Experts Are Key In Defending Prosecutions Alleging The Fraudulent 

Experts are key in defending the recent wave of prosecutions alleging the fraudulent provision of medically unnecessary services. However, the defense must first survive the Daubert challenge.

Surviving Daubert Analysis

Dr. Rajashakher P. Reddy was able to convince the Eleventh Circuit that his defense expert survived Daubert.

Dr. Reddy was named in a thirty-seven count Indictment alleging wire fraud, mail fraud, health care fraud, and falsifying records in a federal investigation. Dr. Reddy was a licensed and board-certified radiologist and the owner of Reddy Solutions, Inc. (“RSI”). RSI was a teleradiology business in Atlanta, Georgia. The charges stem from Dr. Reddy’s operation of RSI.

The Indictment alleged that Dr. Reddy perpetuated an eighteen-month health care fraud scheme, whereby Dr. Reddy fraudulently signed and submitted radiology reports electronically and through the U.S. Mail for “tens of thousands of patients … in cases where neither he nor any other RSI physician had ever reviewed or analyzed the film.”

The jury convicted Dr. Reddy of all offenses, except for five wire fraud counts. Dr. Reddy appealed arguing that the trial court committed reversible error by excluding the proposed defense expert testimony of Dr. Benjamin Sacks pursuant to Daubert.

The defense theory at trial was that Dr. Reddy performed the services as represented, but that remote access and other indicia that he did the work were not adequately reflected by RSI systems and records. Dr. Reddy’s proposed expert, Dr. Benjamin Sacks, was to provide testimony summarizing his “peer review” of a sampling of images which Dr. Reddy had purportedly examined and diagnosed. Dr. Sacks’s substantive findings were that Dr. Reddy’s work as a radiologist was “spot on” and Dr. Sacks concurred with Dr. Reddy’s conclusions in 1053 out of the original 1060 reports reviewed.

The Government moved to exclude the testimony of Dr. Sacks based upon its claim that the entire peer review study was unreliable for various reasons, and that the testimony would not assist the jury. The district court agreed that the proposed peer review testimony failed all three aspects of the Daubert analysis.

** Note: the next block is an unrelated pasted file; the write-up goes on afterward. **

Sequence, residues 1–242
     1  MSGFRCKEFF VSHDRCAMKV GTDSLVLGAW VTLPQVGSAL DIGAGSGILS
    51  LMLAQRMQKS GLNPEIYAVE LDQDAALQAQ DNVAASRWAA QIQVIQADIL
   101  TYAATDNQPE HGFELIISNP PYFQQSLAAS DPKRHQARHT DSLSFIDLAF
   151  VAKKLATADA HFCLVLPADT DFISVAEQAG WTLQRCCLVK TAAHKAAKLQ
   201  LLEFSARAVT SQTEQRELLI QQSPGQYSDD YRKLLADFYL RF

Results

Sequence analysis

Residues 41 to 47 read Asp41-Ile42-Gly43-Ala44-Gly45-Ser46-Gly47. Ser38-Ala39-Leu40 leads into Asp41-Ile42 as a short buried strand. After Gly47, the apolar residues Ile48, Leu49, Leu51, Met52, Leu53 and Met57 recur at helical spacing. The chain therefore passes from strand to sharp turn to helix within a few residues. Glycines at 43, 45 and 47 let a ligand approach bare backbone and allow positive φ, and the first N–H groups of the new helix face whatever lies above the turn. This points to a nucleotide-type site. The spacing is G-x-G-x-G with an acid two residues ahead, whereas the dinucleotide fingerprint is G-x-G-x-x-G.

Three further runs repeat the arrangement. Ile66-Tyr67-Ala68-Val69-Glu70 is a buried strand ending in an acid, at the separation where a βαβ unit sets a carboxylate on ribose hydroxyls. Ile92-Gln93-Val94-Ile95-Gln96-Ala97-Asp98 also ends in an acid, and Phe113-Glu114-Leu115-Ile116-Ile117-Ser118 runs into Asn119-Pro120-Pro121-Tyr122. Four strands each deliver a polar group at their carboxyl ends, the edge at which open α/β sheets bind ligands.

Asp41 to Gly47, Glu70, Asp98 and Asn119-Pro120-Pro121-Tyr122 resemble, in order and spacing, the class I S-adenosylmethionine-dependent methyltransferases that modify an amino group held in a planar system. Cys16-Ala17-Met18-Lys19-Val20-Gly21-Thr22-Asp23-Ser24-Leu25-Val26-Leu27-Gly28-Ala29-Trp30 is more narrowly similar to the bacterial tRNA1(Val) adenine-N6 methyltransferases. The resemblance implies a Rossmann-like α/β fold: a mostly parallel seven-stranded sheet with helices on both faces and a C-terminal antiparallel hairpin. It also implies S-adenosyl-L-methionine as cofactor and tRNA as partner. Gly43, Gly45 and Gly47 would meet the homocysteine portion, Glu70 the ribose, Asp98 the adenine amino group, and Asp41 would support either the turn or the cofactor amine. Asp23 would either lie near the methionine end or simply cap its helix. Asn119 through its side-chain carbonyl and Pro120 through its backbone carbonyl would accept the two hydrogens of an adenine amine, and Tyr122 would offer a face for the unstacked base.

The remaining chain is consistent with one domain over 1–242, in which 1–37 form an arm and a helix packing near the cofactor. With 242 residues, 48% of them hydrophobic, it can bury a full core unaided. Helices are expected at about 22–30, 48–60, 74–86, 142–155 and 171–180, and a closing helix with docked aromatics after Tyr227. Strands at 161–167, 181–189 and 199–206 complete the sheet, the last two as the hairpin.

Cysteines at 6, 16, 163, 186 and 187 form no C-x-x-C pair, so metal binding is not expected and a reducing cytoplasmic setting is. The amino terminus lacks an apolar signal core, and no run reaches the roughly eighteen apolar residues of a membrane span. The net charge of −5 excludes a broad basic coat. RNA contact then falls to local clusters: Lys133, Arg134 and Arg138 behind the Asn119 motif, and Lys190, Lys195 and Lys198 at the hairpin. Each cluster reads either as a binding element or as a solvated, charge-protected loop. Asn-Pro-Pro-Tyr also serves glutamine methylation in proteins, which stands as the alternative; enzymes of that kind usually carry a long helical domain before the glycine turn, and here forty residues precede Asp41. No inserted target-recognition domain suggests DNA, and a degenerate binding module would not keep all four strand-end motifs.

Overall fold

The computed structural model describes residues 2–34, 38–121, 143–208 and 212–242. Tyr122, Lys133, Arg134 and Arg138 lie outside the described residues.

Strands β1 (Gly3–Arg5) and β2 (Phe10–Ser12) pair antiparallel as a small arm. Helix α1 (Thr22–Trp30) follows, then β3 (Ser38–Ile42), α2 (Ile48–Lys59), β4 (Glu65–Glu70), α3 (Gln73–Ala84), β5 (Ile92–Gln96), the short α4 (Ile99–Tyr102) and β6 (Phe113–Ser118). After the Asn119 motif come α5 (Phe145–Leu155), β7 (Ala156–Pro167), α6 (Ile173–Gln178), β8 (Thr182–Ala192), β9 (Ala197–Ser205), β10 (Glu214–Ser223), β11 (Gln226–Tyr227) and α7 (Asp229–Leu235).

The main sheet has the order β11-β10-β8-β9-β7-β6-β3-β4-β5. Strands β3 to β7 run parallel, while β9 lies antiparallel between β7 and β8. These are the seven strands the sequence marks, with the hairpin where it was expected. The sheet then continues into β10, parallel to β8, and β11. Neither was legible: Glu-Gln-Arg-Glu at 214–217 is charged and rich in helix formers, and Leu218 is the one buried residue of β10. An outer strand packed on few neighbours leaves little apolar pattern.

The Eleventh Circuit determined that the exclusion of the defense expert was an abuse of discretion and vacated Dr. Reddy’s convictions and remanded for further proceedings on the issue. Particularly, the court found that Dr. Reddy’s defense was that he “did the work”. The court further found that the purpose of the peer review performed by Dr. Sacks was to give the jury some sense of the accuracy of the work that was being generated by Dr. Reddy as indicative of the actual attention he must have paid to the images on which he reported. The court stated that the jury could infer from Dr. Sacks’s peer review and attendant results that a radiologist and not a lesser trained staff member had undertaken a review of the image. The court agreed that this was a “powerful defense evidence.”

The Eleventh Circuit appeared impressed that the defense expert had hired a statistical expert to identify how to conduct the peer review. Additionally, the statistical expert had suggested that Dr. Sacks review a minimum of 287 images to achieve a greater level of confidence with the peer review. Dr. Sacks exceeded this number in reviewing 1060 images. The court also noted that Dr. Sacks had the proper credentials. He was a graduate of Cornell University, obtained his medical degree from UCLA, had completed a four-year residency in diagnostic radiology at Emory University, and was board-certified.

Takeaways From This Case

The takeaways from this case are:


  • Pick an expert with solid credentials and highlight these at the hearing;
  • Confirm all the information in your expert’s CV before the hearing;
  • Conduct a thorough review of all authoritative literature;
  • Ensure your expert has done more than the minimum in reaching his opinion;
  • Illustrate the reliability of your expert’s testimony; and
  • Ensure the review or analysis is independent.
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